Give to charity at the cash machine
People could give to charity every time they use their bank cards at cash machines and the shops, under government proposals announced in its recent 'Giving' green paper.
It found that 31% of donors give spontaneously simply because they 'felt like giving' and being able to make impromptu donations would therefore make it easier to give.
"We want banks and ATM providers to let us know how we might make this happen in the UK and whether there are ways we can facilitate this," the paper says.
It cites the Colombian model, which, since 1998, allows customers to make a donation every time they withdraw money from an ATM with Servibank. There is now a network of 500 machines with about 100,000 donations a month, averaging $1 a time with a choice of three charities to choose from.
The consultation lasts until 9 March and Francis Maude, minister for the cabinet office will look to speak to banks in the new year about how to put these ideas into action. The Link ATM network already allows cardholders to top up their mobile phone and receive utility bill statements and the Payments Council sees no reason why a similar scheme to the Colombian one couldn't be into place.
Speaking to BBC Radio 5live, Maude said based on everyone giving an average 1% of their income in this way, an extra £4 billion worth of giving would be generated.
"For some things there's an absolute social norm that if you go to a restaurant you expect to tip somewhere probably between 10% and 15% and that's kind of an understanding. There's no similar understanding with charitable giving."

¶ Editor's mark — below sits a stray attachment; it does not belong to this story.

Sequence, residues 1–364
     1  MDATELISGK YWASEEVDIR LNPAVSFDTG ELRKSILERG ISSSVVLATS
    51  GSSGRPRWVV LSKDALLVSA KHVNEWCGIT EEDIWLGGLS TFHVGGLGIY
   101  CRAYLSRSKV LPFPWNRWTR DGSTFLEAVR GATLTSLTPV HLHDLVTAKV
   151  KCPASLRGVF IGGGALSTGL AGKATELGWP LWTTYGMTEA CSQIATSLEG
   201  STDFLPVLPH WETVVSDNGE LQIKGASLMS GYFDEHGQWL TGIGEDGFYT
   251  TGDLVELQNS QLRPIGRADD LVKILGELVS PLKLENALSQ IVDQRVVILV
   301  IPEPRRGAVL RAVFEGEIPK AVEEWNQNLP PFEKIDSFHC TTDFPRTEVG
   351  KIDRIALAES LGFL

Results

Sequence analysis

Maude stresses however, that the proposed plans are not meant to "compel" people into donating but rather to encourage them, in line with the government's 'big society' plans.
The cabinet minister also wants to meet with retailers to see if there are more ways to encourage their customers to give charitably through their card use. EasyJet for example invites customers to donate to a carbon offsetting charity.
The paper is also calling for a national "round-up-the-pound" scheme, which would allow people to donate their change when paying by debit or credit card. The scheme is already run by charity the Pennies Foundation and with first UK retail partner Domino's Pizza, the 'electronic charity box' has raised £20,000 for charities in six weeks.
John Low, chief executive for the Charities Aid Foundation, welcomes the green paper's ideas as a way to kick start new initiatives as well as build on old ones but he adds: "There is more that could be done to make it easier to take advantage of tax incentives including reforming the gift aid system, improving access to 'Give as You Earn' and encouraging all types of tax effective giving."
Used by the holder to buy goods and services, credit cards also have a monthly or annual spending limit, which may be raised or lowered depending on the creditworthiness of the cardholder. But unlike charge cards, borrowers aren’t forced to pay the balance off in full every month and, as long as they make a stated minimum payment, can carry a balance from one month to the next, generating compound interest. As the issuing company is effectively giving you a short-term loan, most credit cards have variable and relatively high interest rates. Allowing the interest to compound for too long may result in dire financial straits.